National Academies Press: OpenBook

Satellite Observations to Benefit Science and Society: Recommended Missions for the Next Decade (2008)

Chapter: CLARREO, Climate Absolute Radiance and Refractivity Observatory

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Suggested Citation:"CLARREO, Climate Absolute Radiance and Refractivity Observatory ." National Research Council. 2008. Satellite Observations to Benefit Science and Society: Recommended Missions for the Next Decade. Washington, DC: The National Academies Press. doi: 10.17226/11952.
Page 12

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Earth Science and Applications from Space 12 CLARREO Climate Absolute Radiance and Refractivity Observatory Launch: 2010–2013 Mission size: Small Orbit: LEO, Precessing Agency: NASA, NOAA Estimated cost: $200 million (NASA), $65 million (NOAA) Areas of interest: Climate, Health Instruments: Absolute, spectrally resolved interferometers (NASA),  broadband radiometers (NOAA) Benefits: Benchmarking of climate record to produce accurate trends and improve climate predictions Verification and improvement of climate models Ozone and surface radiation forecasts and public advisories Decisions to address a wide range of societal concerns rely on accurate climate records and credible long-term outlooks. A vital element in climate monitoring and assessment is the amount of ra- diation entering and leaving the Earth system. The CLARREO mission will measure incoming and outgoing radiation using independent, well-established methods as part of a single mission. The result will be a benchmark record of global climate consistent with international standards. Because human-induced climate change is expected to produce a recognizable signature of radiative effects by wavelength, the data will also help to verify the quality of global climate models. CLARREO will employ interferometers to measure two key parts of the radiation budget: infrared radiation emitted from Earth’s surface and atmosphere, and solar radiation reflected from the Earth system to space in near-ultraviolet, visible, and near-infrared wavelengths. The mission will also include a receiver to intercept and analyze signals from the Global Positioning System (GPS) after they pass through Earth’s atmosphere along the horizon (a technique known as radio occultation). The delay induced in these signals by atmospheric refraction can yield data on pressure, temperature, and water vapor. The NASA component of CLARREO will include three satellites, all of which carry redundant thermal infrared interferometers and a GPS receiver, and one of which also includes redundant ultra- violet, visible, and near-infrared interferometers. The NOAA component of CLARREO involves the reflight of the incident solar-irradiance and CERES broadband instruments on the NPOESS Preparatory Project (NPP) and NPOESS spacecraft.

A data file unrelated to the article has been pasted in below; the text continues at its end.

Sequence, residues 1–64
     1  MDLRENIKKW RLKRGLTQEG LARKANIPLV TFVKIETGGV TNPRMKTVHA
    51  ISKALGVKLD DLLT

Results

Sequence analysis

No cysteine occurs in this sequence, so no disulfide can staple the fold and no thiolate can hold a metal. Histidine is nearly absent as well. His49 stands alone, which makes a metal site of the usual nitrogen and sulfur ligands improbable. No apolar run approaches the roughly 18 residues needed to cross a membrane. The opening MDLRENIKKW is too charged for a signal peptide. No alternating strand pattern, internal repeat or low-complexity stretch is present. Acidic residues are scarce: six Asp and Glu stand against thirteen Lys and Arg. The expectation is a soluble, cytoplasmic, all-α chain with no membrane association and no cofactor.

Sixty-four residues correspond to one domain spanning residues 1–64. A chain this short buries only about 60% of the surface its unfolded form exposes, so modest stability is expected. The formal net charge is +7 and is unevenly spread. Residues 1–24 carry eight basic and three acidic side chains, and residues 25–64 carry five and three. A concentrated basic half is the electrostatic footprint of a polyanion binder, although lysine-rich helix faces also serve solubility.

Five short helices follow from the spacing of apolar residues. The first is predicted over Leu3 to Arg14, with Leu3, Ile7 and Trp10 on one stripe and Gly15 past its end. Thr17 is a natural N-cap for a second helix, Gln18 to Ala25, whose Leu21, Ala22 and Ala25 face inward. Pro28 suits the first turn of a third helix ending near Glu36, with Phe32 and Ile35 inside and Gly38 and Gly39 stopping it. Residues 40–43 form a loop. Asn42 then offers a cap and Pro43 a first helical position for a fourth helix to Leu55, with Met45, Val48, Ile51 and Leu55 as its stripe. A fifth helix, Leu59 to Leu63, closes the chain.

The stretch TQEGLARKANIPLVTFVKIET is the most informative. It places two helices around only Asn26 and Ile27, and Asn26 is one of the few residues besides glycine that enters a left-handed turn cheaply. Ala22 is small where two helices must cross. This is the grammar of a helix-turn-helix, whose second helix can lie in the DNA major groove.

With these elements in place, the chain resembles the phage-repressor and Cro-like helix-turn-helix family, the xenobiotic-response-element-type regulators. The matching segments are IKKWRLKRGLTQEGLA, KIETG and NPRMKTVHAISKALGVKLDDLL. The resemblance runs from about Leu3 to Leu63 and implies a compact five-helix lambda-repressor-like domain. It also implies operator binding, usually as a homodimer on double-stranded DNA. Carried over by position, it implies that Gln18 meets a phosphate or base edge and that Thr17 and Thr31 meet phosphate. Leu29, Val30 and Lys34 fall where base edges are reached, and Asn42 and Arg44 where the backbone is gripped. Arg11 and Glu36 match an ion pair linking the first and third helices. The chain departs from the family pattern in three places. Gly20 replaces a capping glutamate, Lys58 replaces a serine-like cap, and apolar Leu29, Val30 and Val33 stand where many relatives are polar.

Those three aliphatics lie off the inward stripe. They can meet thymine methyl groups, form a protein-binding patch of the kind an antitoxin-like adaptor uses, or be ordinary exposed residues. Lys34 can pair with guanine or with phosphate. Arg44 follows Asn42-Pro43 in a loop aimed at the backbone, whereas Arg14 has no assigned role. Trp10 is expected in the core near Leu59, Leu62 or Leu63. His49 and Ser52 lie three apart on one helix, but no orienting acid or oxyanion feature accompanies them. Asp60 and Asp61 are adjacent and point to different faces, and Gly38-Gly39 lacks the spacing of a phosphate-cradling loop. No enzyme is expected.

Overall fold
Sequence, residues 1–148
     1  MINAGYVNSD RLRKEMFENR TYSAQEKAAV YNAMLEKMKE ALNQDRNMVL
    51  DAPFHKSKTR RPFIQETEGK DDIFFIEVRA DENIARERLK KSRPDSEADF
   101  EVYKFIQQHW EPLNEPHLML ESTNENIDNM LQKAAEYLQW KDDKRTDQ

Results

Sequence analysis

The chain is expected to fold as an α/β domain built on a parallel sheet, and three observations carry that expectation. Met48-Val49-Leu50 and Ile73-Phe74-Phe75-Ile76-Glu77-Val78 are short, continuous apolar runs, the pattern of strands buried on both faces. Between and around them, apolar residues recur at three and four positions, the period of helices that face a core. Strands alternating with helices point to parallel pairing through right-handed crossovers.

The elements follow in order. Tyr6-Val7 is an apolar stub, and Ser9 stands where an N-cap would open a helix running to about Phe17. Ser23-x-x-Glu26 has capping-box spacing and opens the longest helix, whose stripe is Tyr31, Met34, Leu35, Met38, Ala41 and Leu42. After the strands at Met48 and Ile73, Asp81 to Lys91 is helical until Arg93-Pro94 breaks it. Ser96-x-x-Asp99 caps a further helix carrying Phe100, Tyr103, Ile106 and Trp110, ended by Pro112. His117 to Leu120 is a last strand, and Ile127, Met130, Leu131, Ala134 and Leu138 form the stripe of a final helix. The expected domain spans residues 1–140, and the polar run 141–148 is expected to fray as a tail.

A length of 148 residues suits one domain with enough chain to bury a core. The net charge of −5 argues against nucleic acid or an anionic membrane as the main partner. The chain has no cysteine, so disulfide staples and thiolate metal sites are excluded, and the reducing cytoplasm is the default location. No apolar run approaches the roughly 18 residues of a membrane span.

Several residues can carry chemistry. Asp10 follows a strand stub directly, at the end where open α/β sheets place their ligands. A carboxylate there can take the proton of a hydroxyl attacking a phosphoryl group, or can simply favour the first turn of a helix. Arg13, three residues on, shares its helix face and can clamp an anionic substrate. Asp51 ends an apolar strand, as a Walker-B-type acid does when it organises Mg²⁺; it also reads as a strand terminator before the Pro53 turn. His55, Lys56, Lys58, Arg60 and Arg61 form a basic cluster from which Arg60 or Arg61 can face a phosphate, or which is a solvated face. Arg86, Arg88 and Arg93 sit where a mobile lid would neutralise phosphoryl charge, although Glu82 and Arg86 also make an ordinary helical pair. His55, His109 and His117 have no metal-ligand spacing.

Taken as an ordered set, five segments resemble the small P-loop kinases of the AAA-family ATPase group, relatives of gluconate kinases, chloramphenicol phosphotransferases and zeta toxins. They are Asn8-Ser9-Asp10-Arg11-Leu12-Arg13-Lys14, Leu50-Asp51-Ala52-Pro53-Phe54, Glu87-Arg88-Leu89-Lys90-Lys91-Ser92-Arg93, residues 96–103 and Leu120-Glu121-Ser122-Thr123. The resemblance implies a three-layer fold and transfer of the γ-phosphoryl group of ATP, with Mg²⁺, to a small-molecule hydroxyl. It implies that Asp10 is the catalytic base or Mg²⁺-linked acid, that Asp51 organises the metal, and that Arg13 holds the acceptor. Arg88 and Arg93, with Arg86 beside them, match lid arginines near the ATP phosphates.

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 Satellite Observations to Benefit Science and Society: Recommended Missions for the Next Decade
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Satellite Observations to Benefit Science and Society: Recommended Missions for the Next Decade brings the next ten years into focus for the Earth and environmental science community with a prioritized agenda of space programs, missions, and supporting activities that will best serve scientists in the next decade. These missions will address a broad range of societal needs, such as more reliable weather forecasts, early earthquake warnings, and improved pollution management, benefiting both scientific discovery and the health and well-being of society.

Based on the 2007 book, Earth Science and Applications from Space: National Imperatives for the Next Decade and Beyond, this book explores each of the seventeen recommended missions in detail, identifying launch dates, responsible agencies, estimated cost, scientific and public benefits, and more. Printed entirely in color, the book features rich photographs and illustrations, tables, and graphs that will keep the attention of scientists and non-scientists alike.


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